• Some vendors also pay product placement or slotting fees to retailers

Today, guidance on the amount of revenue to recognize and the timing of that revenue from these incentives vary. The new revenue standard, however, includes specific guidance addressing these areas. In particular, the guidance for calculating the variability of the transaction price will apply to a wide range of customer incentives and is different from the existing guidance under IFRS and GAAP.

This quickly becomes complex because different types of discounts should be treated differently. It’s best to check with your accounting and finance advisors for details. However, below is an example from Crowe Horwath of the impact of the new revenue recognition standard on a common type of discount.

Potential impact: “The requirement to allocate a portion of the transaction price to the incentive and defer the revenue could have a substantial impact on retailers that are currently using generally accepted accounting principles (GAAP) incremental cost accrual methods in accounting for promotions (incentives).” – Crowe Horwath

How Gift Cards Are Impacted

When a customer purchases a gift card, he or she is pre-paying for goods or services to be delivered in the future. Breakage will typically result in the recognition of income for a retailer. However, the timing of recognition depends on expected customer behavior and the legal restrictions in the relevant jurisdiction.

Under current GAAP standards, when the gift card is sold to the customer, a liability is recognized for the future obligation of the retailer to honor the gift card. The liability is relieved (and revenue recognized) when the gift card is redeemed.

Currently, three accounting models are generally accepted for the recognition of breakage, depending on the features of the program, legal requirements and the vendor’s ability to reliably estimate breakage:

 

  • Proportional model – recognize as redemptions occur
  • Liability model – recognize when the right expires
  • Remote model – recognize when it becomes remote that the holder of the rights will demand performance

Under the current IFRS methodology for payment received in advance of future use, the methodology is to recognize the revenue only when the card is used for payment. This means that the revenue from the sale of a gift card is accounted for upon redemption of the gift card.

No specific models are provided for recognizing breakage. The models used under GAAP are acceptable under IFRS.

Under the new model, breakage is figured into the obligation, or liability. Plus, the retailer must be able to “derecognize” the liability when it fulfills the performance obligation.

Expected breakage should be estimated based on historical trends and recognized as revenue in proportion to the pattern of customer behavior. If the retailer is unable to estimate the breakage amount, revenue for the unused portion of the gift card is recognized when the likelihood of the customer exercising his or her remaining rights becomes remote.

Below is an example from CFOdirect regarding the impact of the new joint model for determining liability for gift card and certificates.

Potential impact: Similar to today’s accounting model, retailers will continue to recognize a contract liability for the obligation to deliver goods and services. Expected breakage should be estimated and recognized as revenue in proportion to the existing pattern. If the retailer does not expect to be entitled to a breakage amount, it will recognize breakage revenue when it becomes “remote,” or unlikely, that the gift card will be redeemed.

The specific guidance for breakage in the new revenue standard should eliminate the diversity in practice that exists today.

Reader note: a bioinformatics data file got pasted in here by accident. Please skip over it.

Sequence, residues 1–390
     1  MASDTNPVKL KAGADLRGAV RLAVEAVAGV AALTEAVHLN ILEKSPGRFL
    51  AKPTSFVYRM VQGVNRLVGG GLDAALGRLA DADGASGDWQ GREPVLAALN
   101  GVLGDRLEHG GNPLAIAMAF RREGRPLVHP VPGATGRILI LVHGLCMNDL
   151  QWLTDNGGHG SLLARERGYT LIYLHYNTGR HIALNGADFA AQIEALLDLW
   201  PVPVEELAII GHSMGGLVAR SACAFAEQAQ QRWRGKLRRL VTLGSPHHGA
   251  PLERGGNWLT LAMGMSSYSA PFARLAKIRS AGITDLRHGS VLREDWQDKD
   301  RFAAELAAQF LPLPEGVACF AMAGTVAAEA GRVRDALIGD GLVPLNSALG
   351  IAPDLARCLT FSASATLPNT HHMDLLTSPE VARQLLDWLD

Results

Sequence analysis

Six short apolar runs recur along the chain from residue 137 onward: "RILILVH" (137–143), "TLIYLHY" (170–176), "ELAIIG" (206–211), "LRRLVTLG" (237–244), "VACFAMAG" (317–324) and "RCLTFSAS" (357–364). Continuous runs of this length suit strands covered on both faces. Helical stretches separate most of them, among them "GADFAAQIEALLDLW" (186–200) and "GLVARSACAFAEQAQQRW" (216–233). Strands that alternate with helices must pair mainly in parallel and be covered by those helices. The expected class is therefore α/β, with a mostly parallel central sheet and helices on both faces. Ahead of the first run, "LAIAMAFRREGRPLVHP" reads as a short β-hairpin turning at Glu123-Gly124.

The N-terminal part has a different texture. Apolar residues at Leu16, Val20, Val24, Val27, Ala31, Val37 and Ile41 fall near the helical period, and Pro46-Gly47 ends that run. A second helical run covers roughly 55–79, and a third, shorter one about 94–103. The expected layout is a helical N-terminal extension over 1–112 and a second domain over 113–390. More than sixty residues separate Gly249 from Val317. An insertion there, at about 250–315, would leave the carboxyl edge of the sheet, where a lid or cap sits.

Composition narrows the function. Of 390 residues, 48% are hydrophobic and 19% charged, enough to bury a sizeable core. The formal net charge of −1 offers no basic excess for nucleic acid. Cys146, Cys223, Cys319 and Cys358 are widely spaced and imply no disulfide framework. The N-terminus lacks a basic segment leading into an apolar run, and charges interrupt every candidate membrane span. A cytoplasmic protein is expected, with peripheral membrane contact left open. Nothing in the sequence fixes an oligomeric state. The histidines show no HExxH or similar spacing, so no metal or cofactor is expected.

Next Steps

Checking with your finance division is certainly the first step to ensuring that your company is keeping up with the new regulations. Many of the large third-party auditors are providing updates and advice to their clients now that the ASU documents have been published.

Even if your finance division is aware of the revenue recognition standard changes, it’s always a good idea to spend time with them to understand how the revenue is recognized and liability determined and timed, since these areas typically fall under the marketing department’s responsibilities. Keeping the lines of communication open and working together on preparing for the changing standards is one important way you can help ensure your customer relationship and loyalty marketing efforts don’t get derailed.

When it comes to keeping up with what’s new and evolving in the retail CRM and loyalty marketing world, as well as tried-and-true best practices, you can count on the experts at CCG. Check out our retail marketing services and capabilities for all the ways we can assist you in achieving greater success. For a complimentary one-on-one discussion, call us at 800.525.0313 or email us today.

As CCG’s senior vice president, consulting and account services, Lane Ware combines strategic expertise and experience in multiple industries with implementation and project-management skills. Her involvement in projects has ranged from building loyalty programs from the ground up to implementing long-range CRM initiatives to refining existing strategies.

Sources:

“Implementing the New Revenue Recognition Standard for the Restaurant and Retail Industries,” Glen Beanland, CPA, and Andrea Castle, CPA, Crowe Horwath, published March 2017, https://www.crowehorwath.com/folio-pdf/Restaurant-and-Retail-Rev-Rec-Article-FW-17014-007A.PDF, accessed Aug. 14, 2017“

Revenue Recognition: Effectively Managing Accounting Change,” PwC, http://www.pwc.com/us/en/audit-assurance-services/accounting-advisory/revenue-recognition.html, accessed Aug. 14, 2017

“Revenue from Contracts with Customers,” CFOdirect, published June 18, 2014, https://www.pwc.com/us/en/cfodirect.html, accessed Aug. 14, 2017

“FASB Issues Update Clarifying Revenue Recognition Issue,” Jeff Drew, Journalofaccountancy.com, published March 16, 2016,  http://www.journalofaccountancy.com/news/2016/mar/fasb-clarifies-revenue-recognition-issue-201614072.html, accessed Aug. 14, 2017

Revenue recognition information, EY.com,  http://www.ey.com/gl/en/SearchResults?SRT_F=&SRT_O=&ACT=&Page=&CF=&LF=&FILTER=&DF=&IF=&SF=&FF=&query=revenue+recognition+&search_options=country_name, accessed Aug. 14, 2017

“Revenue Recognition,” Deloitte.com, https://www2.deloitte.com/us/en/pages/risk/solutions/revenue-recognition.html, accessed Aug. 14, 2017